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Customer Case  | Singapore Press Holdings, SINGAPORE  | 15 March 2012

Singapore Press Holdings

High Quality and Peak Efficiency

With the integration of specific Arkitex modules, Singapore Press Holdings achieved a single, effective, high-production workflow solution. Sublima and IntelliTune also gave Singapore’s newspaper giant the consistency and quality needed to excel in today’s market.

Fourteen Daily Newspapers, and Counting

Over the years, Singapore Press Holdings have accepted many new projects and business partnerships. The one thing the company has never accepted, and never will accept, is the possibility that something could get in the way of providing the highest quality and the most complete client satisfaction.

"The word 'no' and the phrase 'it cannot be done' have no place at SPH. We are innovative and will go all out to ensure peak efficiency," says Ronnie Poon, vice president for prepress at the leading newspaper printer in this small Southeast Asian island nation (population 4.4 million) at the tip of the Malay Peninsula.

With 3500 employees at three separate locations, and 14 daily newspapers as part of its workload, SPH are a high-visibility organisation not just within the nation itself, but also the world, particularly since its corporate activities extend to Internet services (news and e-commerce), radio and television station ownership, outdoor media displays and mobile communications.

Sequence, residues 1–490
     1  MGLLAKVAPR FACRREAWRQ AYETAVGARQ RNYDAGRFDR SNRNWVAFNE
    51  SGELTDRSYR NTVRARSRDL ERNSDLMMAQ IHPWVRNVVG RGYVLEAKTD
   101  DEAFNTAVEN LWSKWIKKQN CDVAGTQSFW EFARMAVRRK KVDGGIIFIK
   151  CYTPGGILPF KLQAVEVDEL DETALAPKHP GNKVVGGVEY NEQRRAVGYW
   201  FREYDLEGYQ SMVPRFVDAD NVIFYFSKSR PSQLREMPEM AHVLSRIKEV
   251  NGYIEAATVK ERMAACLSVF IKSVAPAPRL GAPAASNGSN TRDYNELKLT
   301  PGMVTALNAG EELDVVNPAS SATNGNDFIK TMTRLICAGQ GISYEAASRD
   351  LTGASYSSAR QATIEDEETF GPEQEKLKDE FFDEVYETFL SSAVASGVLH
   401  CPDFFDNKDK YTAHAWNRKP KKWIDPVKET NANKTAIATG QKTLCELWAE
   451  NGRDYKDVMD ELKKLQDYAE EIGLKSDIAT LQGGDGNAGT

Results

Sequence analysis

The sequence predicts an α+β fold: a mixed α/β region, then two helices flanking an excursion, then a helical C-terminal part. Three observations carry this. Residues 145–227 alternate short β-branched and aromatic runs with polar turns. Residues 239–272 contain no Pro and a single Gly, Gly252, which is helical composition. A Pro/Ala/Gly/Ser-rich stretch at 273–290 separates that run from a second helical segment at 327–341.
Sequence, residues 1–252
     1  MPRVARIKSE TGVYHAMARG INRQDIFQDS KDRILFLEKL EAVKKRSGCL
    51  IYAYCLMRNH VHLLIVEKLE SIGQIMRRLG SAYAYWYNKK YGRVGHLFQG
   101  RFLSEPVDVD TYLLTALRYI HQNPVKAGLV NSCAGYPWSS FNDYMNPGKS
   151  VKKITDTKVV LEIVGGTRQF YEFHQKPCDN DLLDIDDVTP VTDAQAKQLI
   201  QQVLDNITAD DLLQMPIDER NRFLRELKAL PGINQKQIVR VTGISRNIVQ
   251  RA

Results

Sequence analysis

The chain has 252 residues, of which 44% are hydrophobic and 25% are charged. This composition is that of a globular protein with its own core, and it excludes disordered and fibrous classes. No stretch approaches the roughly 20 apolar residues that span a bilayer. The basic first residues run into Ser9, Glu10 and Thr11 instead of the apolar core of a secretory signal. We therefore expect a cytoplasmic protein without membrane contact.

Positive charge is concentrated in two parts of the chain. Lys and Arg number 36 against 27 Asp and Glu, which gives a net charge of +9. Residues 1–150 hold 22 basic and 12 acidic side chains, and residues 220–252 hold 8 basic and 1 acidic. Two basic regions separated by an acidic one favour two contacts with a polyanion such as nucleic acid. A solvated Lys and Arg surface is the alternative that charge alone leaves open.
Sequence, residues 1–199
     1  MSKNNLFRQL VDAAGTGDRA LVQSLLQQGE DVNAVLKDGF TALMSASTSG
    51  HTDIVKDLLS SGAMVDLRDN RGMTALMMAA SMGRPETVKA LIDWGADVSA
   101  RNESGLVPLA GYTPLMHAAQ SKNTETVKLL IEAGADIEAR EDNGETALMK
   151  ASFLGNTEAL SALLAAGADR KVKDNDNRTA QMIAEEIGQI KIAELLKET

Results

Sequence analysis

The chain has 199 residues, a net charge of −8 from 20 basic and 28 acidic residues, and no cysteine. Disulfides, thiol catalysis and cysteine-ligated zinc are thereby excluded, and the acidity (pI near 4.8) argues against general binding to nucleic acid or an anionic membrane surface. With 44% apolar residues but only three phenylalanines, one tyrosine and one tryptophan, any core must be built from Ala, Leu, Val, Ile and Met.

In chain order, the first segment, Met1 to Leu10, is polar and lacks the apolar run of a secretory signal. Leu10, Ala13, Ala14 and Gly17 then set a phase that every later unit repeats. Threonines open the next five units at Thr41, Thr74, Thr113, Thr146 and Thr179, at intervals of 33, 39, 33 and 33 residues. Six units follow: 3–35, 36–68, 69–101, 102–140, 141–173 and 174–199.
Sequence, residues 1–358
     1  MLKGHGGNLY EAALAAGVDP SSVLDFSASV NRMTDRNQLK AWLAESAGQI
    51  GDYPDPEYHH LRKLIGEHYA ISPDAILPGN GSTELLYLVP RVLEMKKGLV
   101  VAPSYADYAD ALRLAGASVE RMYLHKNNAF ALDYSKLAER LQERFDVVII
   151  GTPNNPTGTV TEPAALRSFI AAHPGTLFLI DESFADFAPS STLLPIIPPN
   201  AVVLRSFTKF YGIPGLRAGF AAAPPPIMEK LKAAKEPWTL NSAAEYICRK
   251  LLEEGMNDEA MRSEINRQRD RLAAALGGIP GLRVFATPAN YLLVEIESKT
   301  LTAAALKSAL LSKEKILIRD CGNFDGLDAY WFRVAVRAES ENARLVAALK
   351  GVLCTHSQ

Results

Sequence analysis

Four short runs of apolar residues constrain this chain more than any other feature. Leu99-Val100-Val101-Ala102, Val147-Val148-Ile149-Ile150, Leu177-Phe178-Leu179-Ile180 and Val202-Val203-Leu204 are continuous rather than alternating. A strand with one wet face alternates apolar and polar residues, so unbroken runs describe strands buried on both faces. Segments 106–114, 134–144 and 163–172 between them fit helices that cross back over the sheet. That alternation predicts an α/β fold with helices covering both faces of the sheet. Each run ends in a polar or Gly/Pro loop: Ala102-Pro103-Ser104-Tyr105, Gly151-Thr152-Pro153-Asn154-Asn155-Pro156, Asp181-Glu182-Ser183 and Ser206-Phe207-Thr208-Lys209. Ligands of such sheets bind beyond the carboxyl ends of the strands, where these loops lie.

On the Record

Such national prominence makes SPH's dedication to graphic arts and print quality virtually a matter of public record, for the results of their own high standards in newspaper production alone are viewed on a daily basis by more than 2.8 million people. That's just over 85 percent of Singapore's entire adult population. "All newspapers face pressures to keep operational costs down. Workflow automation allows that, in addition to lessening the number of errors and improving our timing so that we can easily reach all deadlines," Poon says. "That way we ensure that the latest news is always readily available to the public."

SPH's newspapers include several in Malay, English, Chinese and Tamil-all four of Singapore's official languages. Their modern Print Centre, built in 1997, is located in Jurong Port in the western part of the nation. There, in addition to the most advanced prepress workflow, they have the capability to print 80 broadsheet pages in straight mode with 32 broadsheet pages in full colour and 20 spot-colour broadsheet pages at a maximum speed of 80,000 copies per hour-in all, more than 1.2 million pages every day.